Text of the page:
Married people shed fewer pounds than singles after weight-loss surgery, and some marriages deteriorate after the operation.
FRIDAY, Jan. 29, 2016 (HealthDay News) — Married people shed fewer pounds than singles after weight-loss surgery, and some marriages deteriorate after the operation, researchers report.
The Ohio State University research team based the findings on a review of 13 studies of weight-loss surgery that were published between 1990 and 2014.
"Food is so central to family routines and celebrations, and when you undergo a surgery that so vastly impacts your ability to eat as you did before, family members take notice," review leader Megan Ferriby said in a university news release. Ferriby is a graduate student in human sciences.
Four of six studies that focused on marriage found that married weight-loss surgery patients lost less weight than single patients. One study found that married patients were 2.6 times less likely to have reached their target weight a year after surgery. Another study found that single patients were 2.7 times more likely to stick with their diet and exercise goals after the surgery.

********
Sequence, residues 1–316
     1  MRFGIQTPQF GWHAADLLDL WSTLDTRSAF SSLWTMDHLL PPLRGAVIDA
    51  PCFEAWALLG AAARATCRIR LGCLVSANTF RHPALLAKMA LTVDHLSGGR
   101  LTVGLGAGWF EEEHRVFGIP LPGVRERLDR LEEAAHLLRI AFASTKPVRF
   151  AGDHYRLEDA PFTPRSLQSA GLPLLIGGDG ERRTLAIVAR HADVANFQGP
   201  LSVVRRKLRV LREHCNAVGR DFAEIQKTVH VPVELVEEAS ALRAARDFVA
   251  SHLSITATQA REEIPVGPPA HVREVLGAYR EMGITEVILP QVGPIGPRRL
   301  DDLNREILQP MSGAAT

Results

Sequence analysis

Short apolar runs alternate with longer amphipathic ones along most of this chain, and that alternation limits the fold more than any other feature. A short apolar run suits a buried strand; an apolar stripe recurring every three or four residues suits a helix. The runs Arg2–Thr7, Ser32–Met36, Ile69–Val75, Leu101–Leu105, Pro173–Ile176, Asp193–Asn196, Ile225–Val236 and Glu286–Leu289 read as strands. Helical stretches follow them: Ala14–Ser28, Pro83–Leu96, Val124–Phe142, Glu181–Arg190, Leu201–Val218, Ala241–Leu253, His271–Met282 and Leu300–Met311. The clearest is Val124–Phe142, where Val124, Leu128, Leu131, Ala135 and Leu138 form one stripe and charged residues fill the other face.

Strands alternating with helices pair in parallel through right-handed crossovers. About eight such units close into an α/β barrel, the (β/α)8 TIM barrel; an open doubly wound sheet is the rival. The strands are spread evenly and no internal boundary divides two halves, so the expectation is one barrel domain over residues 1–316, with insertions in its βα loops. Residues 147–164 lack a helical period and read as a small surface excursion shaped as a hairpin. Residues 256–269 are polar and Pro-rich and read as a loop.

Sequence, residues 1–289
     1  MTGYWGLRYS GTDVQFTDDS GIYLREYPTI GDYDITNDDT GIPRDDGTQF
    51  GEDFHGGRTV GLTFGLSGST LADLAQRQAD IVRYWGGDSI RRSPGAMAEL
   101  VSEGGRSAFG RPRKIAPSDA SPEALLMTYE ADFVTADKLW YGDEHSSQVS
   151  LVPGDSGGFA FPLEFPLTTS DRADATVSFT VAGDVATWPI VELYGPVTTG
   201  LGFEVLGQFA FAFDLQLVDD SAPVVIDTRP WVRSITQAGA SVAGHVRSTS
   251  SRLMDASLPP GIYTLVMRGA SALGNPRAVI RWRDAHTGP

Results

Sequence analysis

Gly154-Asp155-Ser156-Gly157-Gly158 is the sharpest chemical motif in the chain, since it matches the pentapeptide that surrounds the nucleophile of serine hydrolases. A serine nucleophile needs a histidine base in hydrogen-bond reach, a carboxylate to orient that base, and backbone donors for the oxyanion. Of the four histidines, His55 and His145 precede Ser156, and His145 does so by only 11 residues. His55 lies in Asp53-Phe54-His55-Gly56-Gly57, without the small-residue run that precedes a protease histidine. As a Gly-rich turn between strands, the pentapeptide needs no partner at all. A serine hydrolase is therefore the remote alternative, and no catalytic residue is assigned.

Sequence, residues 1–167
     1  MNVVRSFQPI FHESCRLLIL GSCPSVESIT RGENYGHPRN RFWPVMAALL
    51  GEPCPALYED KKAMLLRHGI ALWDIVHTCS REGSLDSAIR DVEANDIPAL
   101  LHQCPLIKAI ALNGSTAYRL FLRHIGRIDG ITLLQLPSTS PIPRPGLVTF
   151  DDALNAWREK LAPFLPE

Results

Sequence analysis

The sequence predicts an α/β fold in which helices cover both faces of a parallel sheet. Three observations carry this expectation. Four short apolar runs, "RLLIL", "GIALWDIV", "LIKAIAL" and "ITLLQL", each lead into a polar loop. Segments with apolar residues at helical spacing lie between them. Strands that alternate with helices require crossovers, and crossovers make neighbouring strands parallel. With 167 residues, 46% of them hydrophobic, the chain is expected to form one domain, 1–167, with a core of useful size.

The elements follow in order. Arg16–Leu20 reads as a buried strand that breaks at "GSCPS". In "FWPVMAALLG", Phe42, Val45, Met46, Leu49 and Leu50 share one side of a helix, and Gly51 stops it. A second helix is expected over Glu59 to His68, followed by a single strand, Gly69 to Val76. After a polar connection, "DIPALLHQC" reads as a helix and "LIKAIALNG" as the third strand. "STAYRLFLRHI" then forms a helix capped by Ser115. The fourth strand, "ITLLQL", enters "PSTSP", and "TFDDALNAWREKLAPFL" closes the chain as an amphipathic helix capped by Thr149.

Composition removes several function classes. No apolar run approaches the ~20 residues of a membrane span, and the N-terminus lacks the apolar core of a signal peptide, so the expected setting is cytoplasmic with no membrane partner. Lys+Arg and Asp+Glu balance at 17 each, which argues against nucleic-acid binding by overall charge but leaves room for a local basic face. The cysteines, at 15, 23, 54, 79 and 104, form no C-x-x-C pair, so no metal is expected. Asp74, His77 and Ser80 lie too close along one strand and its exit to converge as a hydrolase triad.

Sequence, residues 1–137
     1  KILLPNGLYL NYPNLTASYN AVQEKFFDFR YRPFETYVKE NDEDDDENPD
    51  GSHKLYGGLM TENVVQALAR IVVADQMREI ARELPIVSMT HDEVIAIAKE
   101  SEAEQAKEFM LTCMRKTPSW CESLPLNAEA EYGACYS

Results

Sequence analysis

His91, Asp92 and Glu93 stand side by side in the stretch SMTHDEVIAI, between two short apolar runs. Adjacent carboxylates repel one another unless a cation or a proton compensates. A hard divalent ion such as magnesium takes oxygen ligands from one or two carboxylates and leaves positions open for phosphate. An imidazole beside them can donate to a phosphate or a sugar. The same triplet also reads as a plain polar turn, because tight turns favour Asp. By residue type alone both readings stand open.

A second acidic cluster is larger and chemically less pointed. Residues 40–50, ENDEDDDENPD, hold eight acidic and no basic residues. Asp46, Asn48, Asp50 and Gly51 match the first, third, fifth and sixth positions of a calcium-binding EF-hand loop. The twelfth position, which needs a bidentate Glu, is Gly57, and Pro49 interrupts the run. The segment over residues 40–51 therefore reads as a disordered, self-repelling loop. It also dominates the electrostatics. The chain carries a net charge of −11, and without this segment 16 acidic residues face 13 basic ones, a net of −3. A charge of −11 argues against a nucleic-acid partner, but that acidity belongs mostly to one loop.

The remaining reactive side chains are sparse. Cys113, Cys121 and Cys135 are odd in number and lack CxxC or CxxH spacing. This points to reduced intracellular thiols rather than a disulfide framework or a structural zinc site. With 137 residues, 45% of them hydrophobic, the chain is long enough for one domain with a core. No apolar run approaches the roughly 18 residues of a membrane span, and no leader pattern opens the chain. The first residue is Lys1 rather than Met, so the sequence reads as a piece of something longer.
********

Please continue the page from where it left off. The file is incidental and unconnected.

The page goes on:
None of the six studies found that married patients lost more weight than single patients, Ferriby and colleagues said in the news release.
The 10 studies that examined relationship quality after weight-loss surgery found that some marriages ran into trouble after the procedure. However, three studies found that weight-loss surgery led to more sex and more enjoyment of sex, the researchers reported.
About two-thirds of people who seek weight-loss surgery are married, the researchers said in background notes.
These findings suggest that spouses and other family members should be included in discussions before and after weight-loss surgery to improve patients' chances of achieving their weight target.
The findings were published recently in the journal Obesity Surgery.
The U.S. National Institute of Diabetes and Digestive and Kidney Diseases has more about weight-loss surgery.